The Frequently Asked Questions are designed to answer any common questions that you might have about the Integrated Science Curriculum (ISC). If you can't find your answer here, please Contact Us.

By default, questions are sorted by Category. There are 2 Categories: GENERAL and ISC. Within each category, questions are sorted alphabetically in ascending order (from A to Z).

ISC • When is the Integrated Science Open House for Fall 2017?

Event: Academic Expo
Date: Monday, September 10, 2018
Time: 10:00am-2:00pm
Location: Frick Chemistry Laboratory

Faculty and ISC student alum will be in attendance to tell you more about this exciting program and to answer any questions that you may have. You may also visit us at freshman registration at the Friend Center on Tuesday, September 11th.

If you are thinking about signing up for the course, you should attend one of these sessions.
Map: Interactive Campus Map

ISC • If I can’t attend the Academic Expo, is there another way I can meet with faculty before I register?

Yes. ISC will be at the Friend Center on Tuesday, September 11, 2018 during registration. A representative will be there to answer your questions. Alternatively, you may contact faculty directly to set up an appointment, by sending email to

ISC • How do I enroll?

Formal registration occurs once you arrive on campus through the standard registration process. Students who have received a score of '5' on the Advanced Placement Calculus BC exam will be able to register after discussing with their academic advisor. Students with a lower score or who did not take the Calculus BC exam will need to meet with the Integrated Science faculty at the Academic Expo or during the registration period to ensure proper preparation in mathematics.

ISC • Am I committing myself to any specific major if I sign up?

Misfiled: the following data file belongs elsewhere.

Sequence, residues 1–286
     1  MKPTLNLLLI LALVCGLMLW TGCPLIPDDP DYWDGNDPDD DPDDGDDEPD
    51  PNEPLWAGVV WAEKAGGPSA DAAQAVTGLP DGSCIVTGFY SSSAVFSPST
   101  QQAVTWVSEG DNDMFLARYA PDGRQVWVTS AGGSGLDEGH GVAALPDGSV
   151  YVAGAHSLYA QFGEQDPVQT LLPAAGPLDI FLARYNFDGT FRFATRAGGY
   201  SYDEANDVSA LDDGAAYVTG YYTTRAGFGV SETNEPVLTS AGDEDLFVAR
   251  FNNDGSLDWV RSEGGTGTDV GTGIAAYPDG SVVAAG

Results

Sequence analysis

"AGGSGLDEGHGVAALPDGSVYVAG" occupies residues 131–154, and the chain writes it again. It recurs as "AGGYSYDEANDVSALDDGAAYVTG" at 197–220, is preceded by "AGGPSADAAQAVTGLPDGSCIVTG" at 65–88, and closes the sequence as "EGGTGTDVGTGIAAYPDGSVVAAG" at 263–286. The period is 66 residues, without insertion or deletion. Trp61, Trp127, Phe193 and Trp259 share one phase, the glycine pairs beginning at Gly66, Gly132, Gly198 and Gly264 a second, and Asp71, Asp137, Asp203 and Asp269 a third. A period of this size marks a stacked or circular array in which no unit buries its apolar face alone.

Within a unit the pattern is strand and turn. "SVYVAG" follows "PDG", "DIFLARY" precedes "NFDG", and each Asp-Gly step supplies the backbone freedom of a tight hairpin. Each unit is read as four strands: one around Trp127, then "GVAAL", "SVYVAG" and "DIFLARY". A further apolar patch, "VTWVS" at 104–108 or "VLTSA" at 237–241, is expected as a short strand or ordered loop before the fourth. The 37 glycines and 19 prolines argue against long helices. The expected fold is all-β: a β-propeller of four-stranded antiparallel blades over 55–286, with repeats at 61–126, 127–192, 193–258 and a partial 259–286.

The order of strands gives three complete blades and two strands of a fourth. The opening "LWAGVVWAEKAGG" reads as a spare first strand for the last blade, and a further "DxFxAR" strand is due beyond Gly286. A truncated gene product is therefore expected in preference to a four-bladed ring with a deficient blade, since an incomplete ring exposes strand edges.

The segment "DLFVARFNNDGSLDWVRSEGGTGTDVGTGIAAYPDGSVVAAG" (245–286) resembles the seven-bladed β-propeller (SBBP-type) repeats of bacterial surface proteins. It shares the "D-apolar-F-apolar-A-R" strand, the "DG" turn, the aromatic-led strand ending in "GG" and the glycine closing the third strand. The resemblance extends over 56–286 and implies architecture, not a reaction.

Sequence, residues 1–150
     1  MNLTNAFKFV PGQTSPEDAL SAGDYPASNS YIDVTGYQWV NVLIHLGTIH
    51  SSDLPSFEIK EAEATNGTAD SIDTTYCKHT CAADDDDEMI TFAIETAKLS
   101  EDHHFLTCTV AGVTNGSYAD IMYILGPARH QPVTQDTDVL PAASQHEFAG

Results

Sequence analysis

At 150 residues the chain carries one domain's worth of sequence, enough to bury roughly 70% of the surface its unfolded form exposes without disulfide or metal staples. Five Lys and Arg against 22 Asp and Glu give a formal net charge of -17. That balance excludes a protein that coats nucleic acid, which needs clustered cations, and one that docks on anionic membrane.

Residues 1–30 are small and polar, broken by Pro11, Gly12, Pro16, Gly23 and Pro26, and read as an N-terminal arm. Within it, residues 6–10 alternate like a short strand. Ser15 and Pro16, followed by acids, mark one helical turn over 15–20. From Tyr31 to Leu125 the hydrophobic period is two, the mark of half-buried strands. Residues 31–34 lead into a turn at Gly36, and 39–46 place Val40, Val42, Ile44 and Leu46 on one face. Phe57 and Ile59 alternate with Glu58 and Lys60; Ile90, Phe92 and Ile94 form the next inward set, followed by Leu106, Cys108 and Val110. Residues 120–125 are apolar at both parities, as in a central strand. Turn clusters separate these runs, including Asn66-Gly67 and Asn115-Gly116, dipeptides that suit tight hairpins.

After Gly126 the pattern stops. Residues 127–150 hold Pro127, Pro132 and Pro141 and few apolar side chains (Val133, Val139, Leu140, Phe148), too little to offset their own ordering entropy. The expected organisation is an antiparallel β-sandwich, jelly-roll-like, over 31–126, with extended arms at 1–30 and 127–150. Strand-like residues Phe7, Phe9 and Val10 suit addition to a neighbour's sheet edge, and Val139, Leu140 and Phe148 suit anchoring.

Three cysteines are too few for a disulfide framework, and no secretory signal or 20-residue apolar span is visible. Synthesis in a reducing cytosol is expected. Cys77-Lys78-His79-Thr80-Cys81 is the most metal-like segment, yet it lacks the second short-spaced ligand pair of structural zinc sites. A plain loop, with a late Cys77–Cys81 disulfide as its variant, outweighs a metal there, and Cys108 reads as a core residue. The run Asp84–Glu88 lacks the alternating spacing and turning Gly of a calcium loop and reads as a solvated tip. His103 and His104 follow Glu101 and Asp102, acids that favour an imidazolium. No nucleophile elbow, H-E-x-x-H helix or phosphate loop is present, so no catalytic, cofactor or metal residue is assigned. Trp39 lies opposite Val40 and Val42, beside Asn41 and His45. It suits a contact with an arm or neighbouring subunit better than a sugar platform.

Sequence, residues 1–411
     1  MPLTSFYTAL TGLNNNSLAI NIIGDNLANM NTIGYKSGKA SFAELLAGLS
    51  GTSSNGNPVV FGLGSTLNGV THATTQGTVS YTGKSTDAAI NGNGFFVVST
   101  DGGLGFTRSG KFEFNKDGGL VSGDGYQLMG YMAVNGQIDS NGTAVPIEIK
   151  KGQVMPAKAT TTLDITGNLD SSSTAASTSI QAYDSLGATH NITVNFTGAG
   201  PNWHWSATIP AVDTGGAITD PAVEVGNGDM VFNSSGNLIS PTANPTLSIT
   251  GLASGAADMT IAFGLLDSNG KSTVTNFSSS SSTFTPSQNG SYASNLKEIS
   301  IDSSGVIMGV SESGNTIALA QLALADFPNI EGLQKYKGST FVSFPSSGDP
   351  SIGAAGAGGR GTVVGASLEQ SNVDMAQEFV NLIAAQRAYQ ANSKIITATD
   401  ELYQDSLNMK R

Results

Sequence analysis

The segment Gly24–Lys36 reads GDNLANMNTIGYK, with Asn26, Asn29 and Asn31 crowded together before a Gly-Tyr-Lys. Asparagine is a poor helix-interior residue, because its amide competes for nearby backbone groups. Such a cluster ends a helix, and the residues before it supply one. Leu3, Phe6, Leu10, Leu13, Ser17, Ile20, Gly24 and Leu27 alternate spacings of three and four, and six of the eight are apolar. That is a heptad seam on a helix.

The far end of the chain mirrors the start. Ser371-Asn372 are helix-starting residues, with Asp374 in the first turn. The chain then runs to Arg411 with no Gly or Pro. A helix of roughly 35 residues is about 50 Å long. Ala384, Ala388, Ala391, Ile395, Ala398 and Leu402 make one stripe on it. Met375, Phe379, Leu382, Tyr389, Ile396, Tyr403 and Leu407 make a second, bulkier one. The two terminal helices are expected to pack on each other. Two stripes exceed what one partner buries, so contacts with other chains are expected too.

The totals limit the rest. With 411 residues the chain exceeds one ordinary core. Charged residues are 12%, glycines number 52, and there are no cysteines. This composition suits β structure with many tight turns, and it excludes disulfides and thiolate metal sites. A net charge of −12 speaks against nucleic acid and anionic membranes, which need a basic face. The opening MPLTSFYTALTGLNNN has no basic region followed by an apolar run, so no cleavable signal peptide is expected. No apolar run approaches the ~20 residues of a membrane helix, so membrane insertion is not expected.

Although the Integrated Science Program was conceived with students who are interested in a career in science in mind, taking it is by no means a commitment to any major (quite the contrary). Although most of the students have in the end chosen to major in a science or engineering, we have had many choose to major in fields other than science.

ISC • I have already taken AP science courses. Will I find the material presented in the integrated science sequence to be repetitive?

While some of the topics may seem familiar at first, very quickly we move to a level of discussion which seems to be well beyond what students get in their AP classes. So, intellectually, it's a rewarding experience even for those with 5’s.

ISC • I have no computer science experience. Am I still able to sign up?

Yes, you can still sign up. Students involved with the course have varying levels of experience, and we find that most do not have a strong computer science background. The integrated science course is taught concurrently with COS 126 for the first six weeks of the Fall Term on Tues/Thurs.

ISC • How much time will I have to commit to this course in my freshman year? Will I be able to take additional courses my first year?

Integrated science is challenging and time consuming. Ours is a double-course that will account for roughly half of your workload for the whole first year. It might just be the hardest academic experience you've every had. However, if you stick with it, you will gain proficiency in introductory Chemistry, Computer Science, Molecular Biology, and Physics, allowing you to major in any science (and most of the engineering) disciplines.
The course includes a 50-minute lecture five days a week, as well as one three-hour laboratory session, one three-hour computational precept and one required evening problem session each week.

ISC • Is my mathematics background solid enough to successfully complete the first year of Integrated Science?